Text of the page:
Note: I have seen no better article or explanation for the Government Motors Bailout then this piece by LIZ PEEK, of the Fiscal Times.Use it for talking points when you run across a madlib who says but doh, yah, we saved the auto industry! With the source links to back you up.
In the second presidential debate, Mr. Obama attacked early on, saying, “Governor Romney said we should let Detroit go bankrupt.”
Note to Obama fans: GM did go bankrupt – filing for Chapter 11 protection against its creditors on June 1, 2009. It’s what happened next that the president can take credit for – a handout of $49.5 billion in taxpayer money to GM, some $27 billion of which remains outstanding, and another $17 billion to its financial arm Ally Financial, which still owes $14.7 billion.
In other words, Obama didn’t save General Motors; American taxpayers did, with an assist from the Federal Reserve.
While liberals rant about the bailouts of Wall Street, it is worthwhile noting that of the $417 billion in TARP funds spent to stabilize the economy, only $65 billion has yet to be repaid – and more than half of that is owed by GM and Chrysler. The latest TARP report from the Congressional Budget Office says that the government invested nearly $80 billion in those two auto giants and that taxpayers are still on the hook for roughly $37 billion.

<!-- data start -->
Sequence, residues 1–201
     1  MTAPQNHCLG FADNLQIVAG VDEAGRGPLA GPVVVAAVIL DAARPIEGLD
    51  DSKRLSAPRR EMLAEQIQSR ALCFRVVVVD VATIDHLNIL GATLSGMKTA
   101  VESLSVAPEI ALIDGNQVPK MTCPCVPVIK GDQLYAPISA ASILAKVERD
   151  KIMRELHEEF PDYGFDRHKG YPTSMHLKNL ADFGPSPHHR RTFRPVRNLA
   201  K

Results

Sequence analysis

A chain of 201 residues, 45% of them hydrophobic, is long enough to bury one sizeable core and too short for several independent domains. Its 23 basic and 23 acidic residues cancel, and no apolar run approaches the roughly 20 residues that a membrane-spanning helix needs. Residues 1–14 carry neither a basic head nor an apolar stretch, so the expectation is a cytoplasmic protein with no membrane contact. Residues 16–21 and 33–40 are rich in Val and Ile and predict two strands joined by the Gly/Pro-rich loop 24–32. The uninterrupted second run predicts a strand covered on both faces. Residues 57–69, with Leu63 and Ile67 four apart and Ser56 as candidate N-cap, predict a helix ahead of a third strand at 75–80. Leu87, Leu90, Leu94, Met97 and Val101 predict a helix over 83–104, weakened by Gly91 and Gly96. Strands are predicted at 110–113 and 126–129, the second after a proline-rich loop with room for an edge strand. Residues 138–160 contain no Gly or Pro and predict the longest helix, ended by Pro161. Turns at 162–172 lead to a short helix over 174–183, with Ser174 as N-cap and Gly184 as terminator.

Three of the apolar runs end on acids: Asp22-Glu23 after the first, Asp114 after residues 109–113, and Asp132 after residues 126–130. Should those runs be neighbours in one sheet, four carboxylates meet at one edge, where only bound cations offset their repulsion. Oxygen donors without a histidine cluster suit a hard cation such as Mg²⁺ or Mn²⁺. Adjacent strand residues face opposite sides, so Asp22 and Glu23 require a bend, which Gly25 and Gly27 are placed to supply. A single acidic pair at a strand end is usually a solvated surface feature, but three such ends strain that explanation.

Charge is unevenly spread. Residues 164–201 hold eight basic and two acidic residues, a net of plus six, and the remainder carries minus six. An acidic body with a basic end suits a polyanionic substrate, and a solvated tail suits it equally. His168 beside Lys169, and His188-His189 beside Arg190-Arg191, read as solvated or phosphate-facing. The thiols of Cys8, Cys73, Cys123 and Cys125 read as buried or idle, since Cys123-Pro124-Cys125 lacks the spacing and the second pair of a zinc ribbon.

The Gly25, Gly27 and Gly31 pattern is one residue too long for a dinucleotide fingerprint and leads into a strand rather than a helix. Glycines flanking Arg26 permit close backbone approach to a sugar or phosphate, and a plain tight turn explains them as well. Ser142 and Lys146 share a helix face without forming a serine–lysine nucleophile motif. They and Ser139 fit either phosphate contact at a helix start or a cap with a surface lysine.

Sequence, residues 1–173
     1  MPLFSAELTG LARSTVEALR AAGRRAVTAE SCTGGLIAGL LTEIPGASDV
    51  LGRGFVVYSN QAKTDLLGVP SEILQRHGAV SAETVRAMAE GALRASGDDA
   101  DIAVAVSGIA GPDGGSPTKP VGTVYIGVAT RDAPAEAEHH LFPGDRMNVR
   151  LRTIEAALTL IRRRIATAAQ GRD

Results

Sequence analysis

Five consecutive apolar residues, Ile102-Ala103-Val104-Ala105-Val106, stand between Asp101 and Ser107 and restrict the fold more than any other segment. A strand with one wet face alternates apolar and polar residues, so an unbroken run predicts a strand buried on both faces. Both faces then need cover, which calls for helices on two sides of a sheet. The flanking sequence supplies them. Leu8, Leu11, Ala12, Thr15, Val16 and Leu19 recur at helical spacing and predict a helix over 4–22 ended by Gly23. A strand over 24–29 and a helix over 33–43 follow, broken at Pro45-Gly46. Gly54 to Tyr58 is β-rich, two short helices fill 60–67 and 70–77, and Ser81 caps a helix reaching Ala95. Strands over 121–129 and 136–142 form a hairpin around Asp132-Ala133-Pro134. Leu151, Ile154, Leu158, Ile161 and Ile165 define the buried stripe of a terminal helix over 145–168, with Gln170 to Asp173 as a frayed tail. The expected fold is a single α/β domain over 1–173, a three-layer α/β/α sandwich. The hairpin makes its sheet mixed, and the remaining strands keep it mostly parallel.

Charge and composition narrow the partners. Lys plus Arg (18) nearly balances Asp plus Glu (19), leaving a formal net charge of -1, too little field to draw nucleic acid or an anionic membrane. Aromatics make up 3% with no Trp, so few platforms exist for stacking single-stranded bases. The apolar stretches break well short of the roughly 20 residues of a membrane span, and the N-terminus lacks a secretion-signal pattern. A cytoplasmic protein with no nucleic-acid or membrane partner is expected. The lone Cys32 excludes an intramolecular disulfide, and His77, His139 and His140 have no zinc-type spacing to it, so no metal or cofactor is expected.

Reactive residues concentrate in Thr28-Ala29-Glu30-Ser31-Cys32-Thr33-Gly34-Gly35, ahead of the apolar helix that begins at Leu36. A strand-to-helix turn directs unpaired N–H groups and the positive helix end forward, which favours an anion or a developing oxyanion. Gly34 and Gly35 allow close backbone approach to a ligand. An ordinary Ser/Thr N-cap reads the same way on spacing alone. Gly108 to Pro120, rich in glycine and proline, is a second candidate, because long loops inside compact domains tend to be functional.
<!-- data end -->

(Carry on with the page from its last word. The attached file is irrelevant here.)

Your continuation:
In the same report, the CBO projects that handouts to Wall Street firms will ultimately net the government a cool $11 billion profit. They say the auto industry, on the other hand, will never pay back taxpayers. According to the congressional bean counters, $20 billion is gone for good.
Where did that money go? Mainly, it went to paying off debts owed by GM and Chrysler, and – in an historic distortion of our bankruptcy proceedings – to securing the pensions and livelihoods of UAW workers.
It turns out the real debt was that of Mr. Obama to organized labor, which had ponied up some $400 million to help him defeat John McCain.
The Obama administration strong-armed the auto companies’ creditors into accepting undeniably unfair terms – terms that saw pensions obliterated for non-union workers but saved for those carrying a UAW card. Terms that saw non-UAW shops close but UAW factories stay open. Terms that doled out ownership in GM with political favoritism as a guiding principle.
Why did the UAW receive such favorable treatment? The government at the time argued that the UAW was already making sufficient sacrifices. While true that union members gave up cost-of-living increases and agreed to a no-strike rule, they were protected against the kind of pay cuts that would have made GM truly competitive.
Finish this piece HERE